MACROINVERTEBRATE RESPONSE TO CHANGES IN FLOW REGIME IN TROPICAL HEADWATER STREAMS OF COSTA RICA
Predictions of global climate change suggest extreme events will increase in their intensity and frequency. In parts of Costa Rica, the likelihood of drought and higher temperatures during El Niño cycles may increase, although during La Niña events these areas will likely receive increased rainfall and flooding. To provide insights into these possible changes we are quantifying the effects of seasonal flow variation on the macroinvertebrate communities within two headwater streams, one intermittent and the other perennial, in the Puntarenas province of Costa Rica. We are sampling macroinvertebrates monthly over the course of a year using surber and grab samples. Preliminary results show that invertebrate abundance increased as the rainy season progressed, although declined at the end of the season, during the period of highest annual rainfall. Abundance was greatest in leaf litter microhabitats, where Chironomidae and the black fly Simulium spp. were dominant. Invertebrate abundance also tended to increase in pools during peak rainfall. These observations provide insights into the potential resistance and resilience of macroinvertebrate communities to extreme events in neotropical headwater streams.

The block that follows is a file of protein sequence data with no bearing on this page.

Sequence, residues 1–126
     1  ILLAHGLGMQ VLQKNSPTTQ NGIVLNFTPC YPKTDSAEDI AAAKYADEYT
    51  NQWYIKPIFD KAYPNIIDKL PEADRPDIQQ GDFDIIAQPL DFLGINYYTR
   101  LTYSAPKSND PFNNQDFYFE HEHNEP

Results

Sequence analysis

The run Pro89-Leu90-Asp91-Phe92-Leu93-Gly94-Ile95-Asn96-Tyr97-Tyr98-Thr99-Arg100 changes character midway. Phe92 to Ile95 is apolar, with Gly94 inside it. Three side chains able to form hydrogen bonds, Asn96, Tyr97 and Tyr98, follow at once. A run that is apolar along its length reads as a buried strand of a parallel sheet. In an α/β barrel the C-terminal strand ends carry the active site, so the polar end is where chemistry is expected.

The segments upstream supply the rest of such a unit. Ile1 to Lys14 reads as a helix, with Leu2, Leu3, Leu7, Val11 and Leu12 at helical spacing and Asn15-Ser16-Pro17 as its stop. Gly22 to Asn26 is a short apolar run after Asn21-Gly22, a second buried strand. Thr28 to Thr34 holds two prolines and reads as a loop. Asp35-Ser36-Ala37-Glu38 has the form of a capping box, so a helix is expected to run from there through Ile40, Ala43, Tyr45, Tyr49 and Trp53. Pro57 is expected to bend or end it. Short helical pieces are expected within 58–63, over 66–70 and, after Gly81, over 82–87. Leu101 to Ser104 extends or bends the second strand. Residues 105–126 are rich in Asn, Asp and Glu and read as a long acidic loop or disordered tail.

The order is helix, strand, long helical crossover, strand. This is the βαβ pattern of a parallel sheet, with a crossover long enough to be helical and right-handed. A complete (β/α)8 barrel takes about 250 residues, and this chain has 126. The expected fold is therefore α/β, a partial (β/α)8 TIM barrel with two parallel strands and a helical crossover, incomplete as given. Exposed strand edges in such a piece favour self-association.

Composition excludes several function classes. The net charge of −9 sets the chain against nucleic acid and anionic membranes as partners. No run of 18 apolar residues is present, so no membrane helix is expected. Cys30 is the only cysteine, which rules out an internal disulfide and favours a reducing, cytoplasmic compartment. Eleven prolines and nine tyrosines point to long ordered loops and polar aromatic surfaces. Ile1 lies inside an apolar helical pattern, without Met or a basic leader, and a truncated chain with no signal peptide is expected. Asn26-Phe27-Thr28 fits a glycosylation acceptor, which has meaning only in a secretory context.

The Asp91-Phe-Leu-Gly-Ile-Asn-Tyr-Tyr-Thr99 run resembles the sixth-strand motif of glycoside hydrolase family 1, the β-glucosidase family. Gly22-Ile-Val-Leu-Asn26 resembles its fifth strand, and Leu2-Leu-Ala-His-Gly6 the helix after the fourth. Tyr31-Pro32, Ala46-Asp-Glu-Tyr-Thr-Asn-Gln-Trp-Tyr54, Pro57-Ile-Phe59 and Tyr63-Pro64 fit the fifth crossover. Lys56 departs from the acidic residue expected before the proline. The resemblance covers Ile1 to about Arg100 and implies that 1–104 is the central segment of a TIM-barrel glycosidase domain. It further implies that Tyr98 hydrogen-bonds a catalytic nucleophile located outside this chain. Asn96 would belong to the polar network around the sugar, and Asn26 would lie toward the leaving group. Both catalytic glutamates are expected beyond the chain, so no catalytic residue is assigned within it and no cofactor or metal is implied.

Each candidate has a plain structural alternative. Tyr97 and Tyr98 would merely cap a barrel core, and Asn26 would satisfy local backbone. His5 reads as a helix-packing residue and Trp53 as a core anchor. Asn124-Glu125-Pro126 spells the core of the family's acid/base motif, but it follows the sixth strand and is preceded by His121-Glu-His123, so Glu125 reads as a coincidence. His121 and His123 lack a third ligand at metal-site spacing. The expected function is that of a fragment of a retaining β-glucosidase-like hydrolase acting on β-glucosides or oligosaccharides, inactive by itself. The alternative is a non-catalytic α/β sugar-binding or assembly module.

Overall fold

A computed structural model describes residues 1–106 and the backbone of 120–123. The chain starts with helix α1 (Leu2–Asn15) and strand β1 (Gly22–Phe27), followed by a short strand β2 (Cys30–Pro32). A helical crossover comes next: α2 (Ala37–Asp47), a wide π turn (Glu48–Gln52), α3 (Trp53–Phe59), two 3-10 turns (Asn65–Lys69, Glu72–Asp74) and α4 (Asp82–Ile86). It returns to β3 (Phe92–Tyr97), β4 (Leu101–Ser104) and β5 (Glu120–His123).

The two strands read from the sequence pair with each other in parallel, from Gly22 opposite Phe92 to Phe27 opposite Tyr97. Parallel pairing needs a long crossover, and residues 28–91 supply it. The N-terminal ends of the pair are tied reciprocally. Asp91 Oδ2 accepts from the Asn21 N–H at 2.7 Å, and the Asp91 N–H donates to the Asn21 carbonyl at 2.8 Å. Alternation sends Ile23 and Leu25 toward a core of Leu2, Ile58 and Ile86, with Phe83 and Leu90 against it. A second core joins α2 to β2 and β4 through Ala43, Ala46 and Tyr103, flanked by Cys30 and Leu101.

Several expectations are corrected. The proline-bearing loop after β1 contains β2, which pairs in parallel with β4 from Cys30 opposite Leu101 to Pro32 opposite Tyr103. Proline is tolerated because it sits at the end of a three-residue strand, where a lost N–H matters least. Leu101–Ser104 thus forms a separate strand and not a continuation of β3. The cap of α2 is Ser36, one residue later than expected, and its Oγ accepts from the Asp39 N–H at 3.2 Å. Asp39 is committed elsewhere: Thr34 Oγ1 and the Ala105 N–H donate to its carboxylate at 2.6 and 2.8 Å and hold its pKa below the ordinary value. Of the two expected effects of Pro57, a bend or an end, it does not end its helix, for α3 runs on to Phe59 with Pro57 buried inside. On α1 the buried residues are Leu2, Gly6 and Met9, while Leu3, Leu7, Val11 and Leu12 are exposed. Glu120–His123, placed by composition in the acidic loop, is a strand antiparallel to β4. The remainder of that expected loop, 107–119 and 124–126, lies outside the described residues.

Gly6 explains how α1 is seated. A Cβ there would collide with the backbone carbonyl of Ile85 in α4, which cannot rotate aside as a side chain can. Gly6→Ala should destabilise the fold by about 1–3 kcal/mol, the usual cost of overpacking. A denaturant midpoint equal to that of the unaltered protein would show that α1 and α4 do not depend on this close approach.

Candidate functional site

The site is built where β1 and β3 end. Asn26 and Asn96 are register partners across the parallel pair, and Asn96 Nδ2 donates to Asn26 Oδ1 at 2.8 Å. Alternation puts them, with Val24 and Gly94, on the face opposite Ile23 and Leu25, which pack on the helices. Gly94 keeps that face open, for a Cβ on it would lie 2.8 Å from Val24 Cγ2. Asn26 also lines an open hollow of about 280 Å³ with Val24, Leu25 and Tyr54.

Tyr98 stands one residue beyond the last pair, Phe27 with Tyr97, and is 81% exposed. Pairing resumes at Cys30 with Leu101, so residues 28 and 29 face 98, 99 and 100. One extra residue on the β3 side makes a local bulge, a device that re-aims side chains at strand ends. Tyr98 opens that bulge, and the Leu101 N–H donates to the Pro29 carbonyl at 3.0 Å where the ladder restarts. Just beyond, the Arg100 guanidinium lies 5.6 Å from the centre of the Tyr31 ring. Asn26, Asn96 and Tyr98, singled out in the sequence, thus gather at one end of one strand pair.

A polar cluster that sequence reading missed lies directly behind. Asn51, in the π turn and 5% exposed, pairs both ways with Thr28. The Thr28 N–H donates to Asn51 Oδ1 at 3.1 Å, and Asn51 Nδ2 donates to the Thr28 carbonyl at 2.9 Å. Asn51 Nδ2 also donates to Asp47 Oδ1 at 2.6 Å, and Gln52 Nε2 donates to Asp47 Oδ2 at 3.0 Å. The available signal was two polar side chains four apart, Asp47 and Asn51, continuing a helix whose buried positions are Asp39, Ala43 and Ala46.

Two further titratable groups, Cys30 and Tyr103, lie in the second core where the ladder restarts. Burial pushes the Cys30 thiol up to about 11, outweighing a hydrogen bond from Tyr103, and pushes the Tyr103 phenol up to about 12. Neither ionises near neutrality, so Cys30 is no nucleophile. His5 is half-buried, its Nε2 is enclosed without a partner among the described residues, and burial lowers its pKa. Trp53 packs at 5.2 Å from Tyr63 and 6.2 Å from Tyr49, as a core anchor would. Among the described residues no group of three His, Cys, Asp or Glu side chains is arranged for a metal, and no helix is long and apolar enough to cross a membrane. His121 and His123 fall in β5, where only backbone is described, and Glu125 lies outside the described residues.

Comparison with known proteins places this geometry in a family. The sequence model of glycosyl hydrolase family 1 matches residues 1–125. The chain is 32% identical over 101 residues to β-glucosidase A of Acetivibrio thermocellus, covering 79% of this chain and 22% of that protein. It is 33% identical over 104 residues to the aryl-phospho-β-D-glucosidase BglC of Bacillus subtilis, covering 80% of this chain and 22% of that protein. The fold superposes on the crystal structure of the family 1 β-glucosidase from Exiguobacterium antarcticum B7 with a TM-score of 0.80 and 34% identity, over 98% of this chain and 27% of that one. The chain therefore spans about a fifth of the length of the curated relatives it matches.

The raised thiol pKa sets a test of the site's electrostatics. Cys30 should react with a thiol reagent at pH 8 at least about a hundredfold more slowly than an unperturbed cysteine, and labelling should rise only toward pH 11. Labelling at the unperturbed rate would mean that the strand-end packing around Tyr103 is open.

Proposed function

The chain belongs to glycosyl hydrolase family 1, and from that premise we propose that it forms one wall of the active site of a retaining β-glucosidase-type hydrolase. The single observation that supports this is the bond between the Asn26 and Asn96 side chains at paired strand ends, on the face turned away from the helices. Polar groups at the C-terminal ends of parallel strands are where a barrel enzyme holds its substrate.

Darixa Hernandez Abrams (Primary Presenter/Author), University of Georgia, email@example.com;
Scott Connelly ( Co-Presenter/Co-Author), University of Georgia, firstname.lastname@example.org;
Seth Wenger ( Co-Presenter/Co-Author), University of Georgia, email@example.com;